Israel won’t enjoy the same close relations with Egypt following its Arab Spring elections, Prime Minister Benjamin Netanyahu said on Monday, adding that regional threats against Israel were on the rise.
Egypt’s parliamentary elections, which started throughout the country on Monday, were of the reasons Netanyahu delayed the demolition of the Mughrabi Bridge, which leads from the Western Wall Plaza to the Temple Mount.
Sources said Netanyahu’s bureau asked the Jerusalem municipality to postpone the work due to the sensitivity of the issue and warnings from Egypt that the action would focus protests in Cairo’s Tahrir Square on Israel.
Speaking at the Knesset’s Foreign Affairs and Defense Committee on Monday, the prime minister he didn’t “expect Israel to have the same intimacy with the next Egyptian regime,” adding that Israel’s security interests couldn’t rely “solely on the peace treaty, because that treaty could come undone.”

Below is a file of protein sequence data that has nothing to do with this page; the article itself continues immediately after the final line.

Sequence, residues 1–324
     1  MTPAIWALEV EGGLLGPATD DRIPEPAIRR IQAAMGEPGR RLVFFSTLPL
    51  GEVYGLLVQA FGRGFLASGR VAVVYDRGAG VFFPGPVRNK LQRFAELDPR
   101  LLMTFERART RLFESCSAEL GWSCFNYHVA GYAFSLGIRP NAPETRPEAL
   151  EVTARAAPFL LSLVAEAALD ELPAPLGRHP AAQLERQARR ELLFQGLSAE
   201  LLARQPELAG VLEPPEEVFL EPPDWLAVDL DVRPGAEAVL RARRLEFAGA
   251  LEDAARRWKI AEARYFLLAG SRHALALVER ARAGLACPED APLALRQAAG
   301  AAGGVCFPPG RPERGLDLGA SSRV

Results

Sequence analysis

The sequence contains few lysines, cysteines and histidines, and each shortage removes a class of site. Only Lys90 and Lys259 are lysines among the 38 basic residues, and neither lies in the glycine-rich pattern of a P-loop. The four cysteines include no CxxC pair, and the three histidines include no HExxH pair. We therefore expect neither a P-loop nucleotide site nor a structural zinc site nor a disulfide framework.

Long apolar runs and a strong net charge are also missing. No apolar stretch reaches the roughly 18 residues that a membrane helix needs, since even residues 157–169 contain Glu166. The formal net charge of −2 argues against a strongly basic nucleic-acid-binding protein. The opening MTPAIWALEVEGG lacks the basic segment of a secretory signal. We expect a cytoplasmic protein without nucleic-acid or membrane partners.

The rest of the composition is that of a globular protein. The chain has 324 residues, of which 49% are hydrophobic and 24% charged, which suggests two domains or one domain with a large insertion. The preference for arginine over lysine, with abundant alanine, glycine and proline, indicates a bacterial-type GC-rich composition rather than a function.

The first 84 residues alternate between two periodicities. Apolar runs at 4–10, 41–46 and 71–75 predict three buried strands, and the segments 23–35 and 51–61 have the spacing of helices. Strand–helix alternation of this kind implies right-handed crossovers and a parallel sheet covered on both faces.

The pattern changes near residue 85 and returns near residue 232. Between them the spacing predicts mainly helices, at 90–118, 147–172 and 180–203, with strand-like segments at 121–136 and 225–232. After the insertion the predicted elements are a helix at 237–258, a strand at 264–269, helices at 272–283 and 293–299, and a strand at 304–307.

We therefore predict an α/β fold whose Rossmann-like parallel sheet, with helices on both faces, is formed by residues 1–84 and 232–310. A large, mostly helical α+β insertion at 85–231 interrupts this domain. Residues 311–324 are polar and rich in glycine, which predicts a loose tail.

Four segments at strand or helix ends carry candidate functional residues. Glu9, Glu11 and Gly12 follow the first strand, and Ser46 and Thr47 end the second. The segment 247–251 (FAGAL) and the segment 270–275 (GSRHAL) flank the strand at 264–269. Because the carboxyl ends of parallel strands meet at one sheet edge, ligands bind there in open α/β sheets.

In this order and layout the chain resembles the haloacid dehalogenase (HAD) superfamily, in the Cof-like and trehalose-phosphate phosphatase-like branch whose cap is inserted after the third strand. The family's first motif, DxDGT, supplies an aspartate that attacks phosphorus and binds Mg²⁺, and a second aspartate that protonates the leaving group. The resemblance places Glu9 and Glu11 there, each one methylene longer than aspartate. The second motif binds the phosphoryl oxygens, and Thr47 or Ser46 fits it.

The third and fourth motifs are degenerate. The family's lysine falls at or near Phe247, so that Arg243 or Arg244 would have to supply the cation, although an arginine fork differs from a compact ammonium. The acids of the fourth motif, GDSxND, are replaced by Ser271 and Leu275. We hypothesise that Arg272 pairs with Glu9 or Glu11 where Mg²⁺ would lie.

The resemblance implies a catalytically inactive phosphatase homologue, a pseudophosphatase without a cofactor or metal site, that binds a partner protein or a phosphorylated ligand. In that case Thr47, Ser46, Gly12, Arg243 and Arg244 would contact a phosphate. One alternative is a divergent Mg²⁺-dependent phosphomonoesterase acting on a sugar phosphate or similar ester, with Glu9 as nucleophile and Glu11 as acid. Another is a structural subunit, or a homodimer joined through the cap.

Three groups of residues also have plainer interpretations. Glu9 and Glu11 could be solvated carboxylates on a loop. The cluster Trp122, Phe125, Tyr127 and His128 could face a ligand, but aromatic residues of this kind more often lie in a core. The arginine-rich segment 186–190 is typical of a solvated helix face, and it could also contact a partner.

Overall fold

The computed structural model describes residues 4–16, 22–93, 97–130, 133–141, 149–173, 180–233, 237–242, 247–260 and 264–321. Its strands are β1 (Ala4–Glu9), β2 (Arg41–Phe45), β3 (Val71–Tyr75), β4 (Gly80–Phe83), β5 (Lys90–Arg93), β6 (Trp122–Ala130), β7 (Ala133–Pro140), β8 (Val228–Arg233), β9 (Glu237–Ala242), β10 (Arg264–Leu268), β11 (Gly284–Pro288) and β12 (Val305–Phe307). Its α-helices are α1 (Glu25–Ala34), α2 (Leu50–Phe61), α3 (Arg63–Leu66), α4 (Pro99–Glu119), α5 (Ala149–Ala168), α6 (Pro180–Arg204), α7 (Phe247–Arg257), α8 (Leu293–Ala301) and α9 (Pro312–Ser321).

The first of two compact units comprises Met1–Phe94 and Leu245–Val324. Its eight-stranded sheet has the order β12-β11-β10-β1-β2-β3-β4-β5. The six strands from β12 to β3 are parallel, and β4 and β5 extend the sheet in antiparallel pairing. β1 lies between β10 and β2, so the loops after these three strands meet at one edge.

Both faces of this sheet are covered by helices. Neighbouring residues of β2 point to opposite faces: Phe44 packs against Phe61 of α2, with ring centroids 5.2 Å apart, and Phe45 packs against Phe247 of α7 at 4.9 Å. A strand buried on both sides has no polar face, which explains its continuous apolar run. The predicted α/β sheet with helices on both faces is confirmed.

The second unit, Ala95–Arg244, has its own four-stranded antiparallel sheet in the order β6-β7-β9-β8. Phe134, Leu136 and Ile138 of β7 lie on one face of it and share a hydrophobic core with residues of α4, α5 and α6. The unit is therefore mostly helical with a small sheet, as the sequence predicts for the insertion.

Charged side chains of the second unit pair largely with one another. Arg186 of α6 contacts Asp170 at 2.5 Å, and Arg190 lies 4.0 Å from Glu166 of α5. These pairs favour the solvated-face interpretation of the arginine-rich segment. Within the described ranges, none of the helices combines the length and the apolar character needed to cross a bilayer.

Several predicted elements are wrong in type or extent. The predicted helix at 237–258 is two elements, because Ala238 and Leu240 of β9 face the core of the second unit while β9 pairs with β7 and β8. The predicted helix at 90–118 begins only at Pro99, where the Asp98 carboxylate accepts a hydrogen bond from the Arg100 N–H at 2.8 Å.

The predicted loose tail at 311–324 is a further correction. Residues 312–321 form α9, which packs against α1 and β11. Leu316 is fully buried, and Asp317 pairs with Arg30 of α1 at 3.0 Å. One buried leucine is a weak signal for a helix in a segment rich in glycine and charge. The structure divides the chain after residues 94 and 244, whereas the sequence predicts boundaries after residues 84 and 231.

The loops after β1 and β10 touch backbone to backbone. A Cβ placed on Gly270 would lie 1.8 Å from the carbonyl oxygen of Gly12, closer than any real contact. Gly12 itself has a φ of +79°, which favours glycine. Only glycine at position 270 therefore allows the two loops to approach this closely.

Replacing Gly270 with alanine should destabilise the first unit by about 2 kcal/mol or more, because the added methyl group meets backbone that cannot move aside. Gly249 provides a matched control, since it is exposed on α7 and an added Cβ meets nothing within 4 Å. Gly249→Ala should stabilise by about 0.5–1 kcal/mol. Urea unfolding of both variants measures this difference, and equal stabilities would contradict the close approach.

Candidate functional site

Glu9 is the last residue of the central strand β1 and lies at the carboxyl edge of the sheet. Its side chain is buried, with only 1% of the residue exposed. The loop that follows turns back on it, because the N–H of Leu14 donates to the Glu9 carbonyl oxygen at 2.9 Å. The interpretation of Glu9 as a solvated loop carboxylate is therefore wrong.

“Generally, security threats to Israel have been increasingly on the rise. It would be right to enter a phase of stability and empowerment, with an emphasis on intelligence,” Netanyahu said, adding that there were “more than a few elements in the Arab world which wish to tighten links with Israel,” even if only as a result from their fears of Iran.”
Referring to Israel’s plans to replace a footbridge leading to the Temple Mount, the Muslim Brotherhood’s spiritual leader, Sheikh Yusuf Qaradawi, called Thursday on Jordanian King Abdullah to dissuade Israel from replacing the ramp.
Qaradawi claims that Israel wants to replace the bridge to ease access by settlers and its security forces to the Al-Aqsa Mosque. Posters were put up at Cairo’s Al-Azhar University calling on Muslims to protect the mosque.
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This story "Bibi: Israel Won't Enjoy 'Intimacy' With New Egypt" was written by Haaretz.